New twist in murky smart card saga

Photo: CTK

When a smart card system was introduced in Prague in the mid 2000s to serve for public transport and other amenities, it may have seemed like one more step in the city’s transformation into a modern metropolis. However, more or less from the off the Opencard has been dogged by controversy and allegations of corruption. Now, in the latest twist, almost the entire city council are facing criminal charges in connection with the system.

Photo: CTK
The city of Prague’s official website calls the Opencard a “smart card that will make your life in the city easier” and “your convenience card”. In the region of a million residents use the Opencard as a travel pass, and it can also be used at libraries and for other services.

But what may make life easier for citizens has not been good for the capital’s financial health. The system was heavily criticized from pretty much the moment it was approved in 2005 by a city coalition of the Civic and Social Democrats, headed by the former’s Pavel Bém, and many were shocked to learn the cost of the project: a staggering CZK 1.25 billion, or over USD 60 million.

Three separate audits concluded that the system had been overpriced, leading the police to open an investigation in 2010. The main beneficiary of the deal had been a company called Haguess, which operates the Opencard and whose ownership is murky.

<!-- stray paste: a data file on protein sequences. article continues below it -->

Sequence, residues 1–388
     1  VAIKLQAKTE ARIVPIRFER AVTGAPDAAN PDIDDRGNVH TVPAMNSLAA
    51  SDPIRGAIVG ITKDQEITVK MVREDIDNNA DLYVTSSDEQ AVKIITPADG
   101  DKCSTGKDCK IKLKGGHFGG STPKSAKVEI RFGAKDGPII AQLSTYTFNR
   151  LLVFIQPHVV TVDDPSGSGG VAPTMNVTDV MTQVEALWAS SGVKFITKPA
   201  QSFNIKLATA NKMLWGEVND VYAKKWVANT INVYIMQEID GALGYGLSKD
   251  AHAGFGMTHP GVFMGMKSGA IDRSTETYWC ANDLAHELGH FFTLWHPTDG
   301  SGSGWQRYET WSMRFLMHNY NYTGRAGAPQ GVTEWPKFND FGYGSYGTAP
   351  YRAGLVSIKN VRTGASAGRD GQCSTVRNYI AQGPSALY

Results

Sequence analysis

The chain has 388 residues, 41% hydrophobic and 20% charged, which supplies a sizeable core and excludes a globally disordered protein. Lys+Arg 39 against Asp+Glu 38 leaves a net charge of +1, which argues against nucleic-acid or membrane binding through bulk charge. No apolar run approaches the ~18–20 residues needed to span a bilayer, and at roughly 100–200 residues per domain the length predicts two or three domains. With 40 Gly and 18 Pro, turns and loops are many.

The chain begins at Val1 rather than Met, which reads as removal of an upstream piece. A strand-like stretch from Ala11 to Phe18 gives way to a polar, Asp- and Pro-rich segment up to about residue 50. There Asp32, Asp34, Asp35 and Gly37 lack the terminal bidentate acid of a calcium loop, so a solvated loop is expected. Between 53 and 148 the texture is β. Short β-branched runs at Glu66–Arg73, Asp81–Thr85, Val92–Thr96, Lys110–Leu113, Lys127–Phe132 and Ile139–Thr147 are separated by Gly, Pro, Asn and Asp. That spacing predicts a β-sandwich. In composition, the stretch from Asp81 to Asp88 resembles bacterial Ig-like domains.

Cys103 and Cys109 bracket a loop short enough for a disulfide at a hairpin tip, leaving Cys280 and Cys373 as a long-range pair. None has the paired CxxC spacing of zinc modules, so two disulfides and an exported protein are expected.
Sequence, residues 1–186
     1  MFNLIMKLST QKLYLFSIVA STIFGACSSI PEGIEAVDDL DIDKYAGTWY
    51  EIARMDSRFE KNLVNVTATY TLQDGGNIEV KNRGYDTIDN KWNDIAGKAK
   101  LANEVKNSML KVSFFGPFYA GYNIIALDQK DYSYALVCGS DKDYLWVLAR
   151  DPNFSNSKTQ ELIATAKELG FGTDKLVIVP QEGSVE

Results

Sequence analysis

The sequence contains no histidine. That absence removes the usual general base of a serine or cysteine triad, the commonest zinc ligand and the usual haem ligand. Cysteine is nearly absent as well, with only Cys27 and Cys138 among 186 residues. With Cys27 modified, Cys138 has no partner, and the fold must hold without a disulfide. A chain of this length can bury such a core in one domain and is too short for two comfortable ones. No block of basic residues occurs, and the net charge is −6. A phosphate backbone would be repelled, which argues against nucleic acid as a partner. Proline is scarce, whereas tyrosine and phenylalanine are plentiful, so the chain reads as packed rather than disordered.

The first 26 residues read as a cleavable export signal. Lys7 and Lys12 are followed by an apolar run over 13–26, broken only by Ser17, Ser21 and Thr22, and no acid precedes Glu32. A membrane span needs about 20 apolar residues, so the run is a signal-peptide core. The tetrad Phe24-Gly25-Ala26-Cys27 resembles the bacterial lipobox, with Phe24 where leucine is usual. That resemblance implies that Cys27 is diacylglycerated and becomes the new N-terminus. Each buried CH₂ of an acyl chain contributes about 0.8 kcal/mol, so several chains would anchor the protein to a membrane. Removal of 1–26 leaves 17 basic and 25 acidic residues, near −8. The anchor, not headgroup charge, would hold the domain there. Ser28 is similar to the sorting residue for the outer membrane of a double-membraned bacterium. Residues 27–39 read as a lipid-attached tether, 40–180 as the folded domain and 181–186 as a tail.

Bohuslav Svoboda,  photo: CTK
Cut to Tuesday morning, when the current Prague council, a coalition of the Civic Democrats and TOP 09, had a session interrupted by unusual visitors: members of the police’s organised crime unit delivering indictments for 10 of the 11 members, including Mayor Bohuslav Svoboda of the Civic Democrats.

The charges – of infringement of competition regulations and breach of trust – are the first filed against any politicians in connection with the controversial card system. They relate to a decision last year to award further contracts to Haguess, this time to extend the system, in a closed tender process. The police say the work was overpriced by about a third.

The aldermen and women have reacted furiously, describing the police intervention as politically motivated. What’s more, they contend that they had no alternative but to hire Haguess, which they say was the only company capable of the necessary extension of the cards of 300,000 people.

The indicted councillors, who could face up to eight years in jail if found guilty, say they have been forced to work around a mess of corruption inherited from the previous leadership – and the alternative to signing the deal would have been to abandon the extremely costly system all together.

Pavel Bém,  photo: Alžběta Švarcová
Adding insult to injury, former mayor Pavel Bém – the father of the project – has been firing potshots at the council and called on them to resign.

What happens next is anyone’s guess, though it is not uncommon for cases in this country to begin dramatically before being quietly shelved. In any case, the inglorious history of the Opencard just got a bit more inglorious.